Adults with Cerebral Palsy Vulnerable to Chronic Conditions
Researchers from the University of Michigan have published a study indicating that adults with cerebral palsy may be more susceptible to many chronic conditions, such as hypertension, diabetes, heart problems and asthma.
The team examined eight different chronic conditions, comparing adults with cerebral palsy to those without the neurological disorder. Results of the study were published in the Dec. edition of the Journal of the American Medical Association (JAMA).
According the research team, death caused by ischemic heart disease and cancer is higher for adults with cerebral palsy than those without it, but there have been no national efforts to monitor the disease risk for these individuals. The researchers claim the health status and healthcare needs of this population is severely misunderstood.
Link between cerebral palsy and chronic conditions
The study covered nine years of medical data on over 200,000 adults — with information collected by the Medical Expenditure Panel Survey, directed by the Agency for Healthcare Research and Quality from the period of 2002 to 2010 — including over 1,000 individuals with cerebral palsy. The results revealed that adults who have cerebral palsy face a two to five times greater risk of developing asthma, diabetes, arthritis, stroke, joint pain, hypertension, emphysema and heart problems. Asthma was the most prevalent, with 20.7% of adults with cerebral palsy impacted by the condition, as opposed to just 9.4% of those without the disorder.
According to the research team, a number of factors increased a person’s risk of developing these chronic conditions — including sex, physical disability, age, inactivity and weight — but adults with cerebral palsy still had higher instances, even after taking these influencers into consideration.
About cerebral palsy
Cerebral palsy appears during infancy or in the early childhood years. This neurological disorder permanently impacts movement and muscle coordination, although it doesn’t stem from issues with the nerves or muscles. Most impacted children are born with it — a total of 85% to 90% — but their symptoms may not be recognized immediately. There are several possible reasons why the brain develops abnormally, impacting the person’s ability to control their muscles, including a lack of oxygen at birth. In many instances, the exact cause of cerebral palsy remains unknown.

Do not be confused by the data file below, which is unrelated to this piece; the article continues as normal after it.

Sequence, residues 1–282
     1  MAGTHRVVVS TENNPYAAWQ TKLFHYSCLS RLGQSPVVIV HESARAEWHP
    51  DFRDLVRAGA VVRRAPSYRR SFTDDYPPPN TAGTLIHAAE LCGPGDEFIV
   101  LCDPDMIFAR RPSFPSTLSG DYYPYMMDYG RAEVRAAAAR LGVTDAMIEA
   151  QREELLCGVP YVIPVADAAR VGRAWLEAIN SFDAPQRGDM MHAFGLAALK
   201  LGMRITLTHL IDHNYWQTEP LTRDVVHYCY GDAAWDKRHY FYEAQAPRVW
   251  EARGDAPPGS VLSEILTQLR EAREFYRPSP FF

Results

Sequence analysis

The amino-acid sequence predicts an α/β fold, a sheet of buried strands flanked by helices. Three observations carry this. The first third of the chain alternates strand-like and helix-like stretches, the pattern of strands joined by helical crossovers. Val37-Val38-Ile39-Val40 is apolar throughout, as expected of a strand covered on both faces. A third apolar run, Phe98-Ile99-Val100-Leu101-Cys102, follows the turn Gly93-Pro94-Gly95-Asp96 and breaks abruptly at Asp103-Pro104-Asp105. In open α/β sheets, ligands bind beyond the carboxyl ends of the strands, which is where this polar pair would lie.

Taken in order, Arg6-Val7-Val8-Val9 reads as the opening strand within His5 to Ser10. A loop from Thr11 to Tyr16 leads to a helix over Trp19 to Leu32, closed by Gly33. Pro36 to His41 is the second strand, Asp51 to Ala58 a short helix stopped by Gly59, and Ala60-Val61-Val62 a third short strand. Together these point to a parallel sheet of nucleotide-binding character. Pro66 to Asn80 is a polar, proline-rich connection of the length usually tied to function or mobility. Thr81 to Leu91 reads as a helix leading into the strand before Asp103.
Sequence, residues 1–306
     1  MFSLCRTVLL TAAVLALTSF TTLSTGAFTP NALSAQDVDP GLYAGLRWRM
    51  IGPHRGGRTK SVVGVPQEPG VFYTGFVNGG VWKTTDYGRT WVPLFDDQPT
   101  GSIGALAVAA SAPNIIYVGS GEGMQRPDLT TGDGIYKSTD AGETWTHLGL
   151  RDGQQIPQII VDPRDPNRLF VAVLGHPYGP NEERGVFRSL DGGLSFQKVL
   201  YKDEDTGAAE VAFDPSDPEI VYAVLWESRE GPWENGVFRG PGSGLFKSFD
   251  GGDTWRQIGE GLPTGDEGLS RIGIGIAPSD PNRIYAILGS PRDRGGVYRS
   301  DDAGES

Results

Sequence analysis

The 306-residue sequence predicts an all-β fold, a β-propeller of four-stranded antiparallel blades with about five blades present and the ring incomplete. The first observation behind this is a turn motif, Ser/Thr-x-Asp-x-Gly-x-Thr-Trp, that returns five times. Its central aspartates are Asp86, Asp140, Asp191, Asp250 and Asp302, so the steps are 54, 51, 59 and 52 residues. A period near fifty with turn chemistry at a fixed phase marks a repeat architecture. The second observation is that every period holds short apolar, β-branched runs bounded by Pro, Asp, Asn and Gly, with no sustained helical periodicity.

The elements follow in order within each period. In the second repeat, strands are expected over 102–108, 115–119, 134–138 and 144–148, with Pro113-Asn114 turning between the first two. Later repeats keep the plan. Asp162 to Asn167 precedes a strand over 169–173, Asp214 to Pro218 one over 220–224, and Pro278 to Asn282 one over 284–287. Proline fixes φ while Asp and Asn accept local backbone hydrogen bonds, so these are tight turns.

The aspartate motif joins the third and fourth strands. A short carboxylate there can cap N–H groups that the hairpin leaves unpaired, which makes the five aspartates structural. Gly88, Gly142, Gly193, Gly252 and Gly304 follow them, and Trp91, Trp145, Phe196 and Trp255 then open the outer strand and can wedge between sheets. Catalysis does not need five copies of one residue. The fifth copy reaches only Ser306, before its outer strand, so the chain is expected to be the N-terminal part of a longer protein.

It is possible for children to develop acquired cerebral palsy from a head injury or a brain infection during their early years, while their brain is still developing. However, only a small percentage of cerebral palsy cases are caused by injuries that take place more than one month after the child’s birth.
The most common signs of cerebral palsy include:
- Dragging one foot or leg while walking
- Spastic reflexes and stiff muscles
- Crouched gait
- Overly sloppy or stiff muscle tone
Spastic cerebral palsy is by far the most common type of cerebral palsy, as 80% of impacted people have it. People with this condition suffer from increased muscle tone, which makes their muscles stiff and causes their movements to be awkward. Another type is dyskinetic cerebral palsy, which causes the person to have difficulty controlling their hand, arm, legs and feet movements and makes it hard to walk and sit. Additionally, those with ataxic cerebral palsy have trouble managing their coordination and balance.
There is no cure for cerebral palsy, but treatment can help a child conquer developmental disabilities and learn how to cope with their disorder. The severity of cerebral palsy varies on an individual basis. Some people have debilitating disabilities, while others are only mildly incapacitated.
- JAMA, Chronic Conditions in Adults With Cerebral Palsy http://jama.jamanetwork.com/article.aspx?articleid=2473481
- National Institute of Neurological Disorders and Stroke, NINDS Cerebral Palsy Information Page http://www.ninds.nih.gov/disorders/cerebral_palsy/cerebral_palsy.htm
- Centers for Disease Control and Prevention, Facts About Cerebral Palsy http://www.cdc.gov/ncbddd/cp/facts.html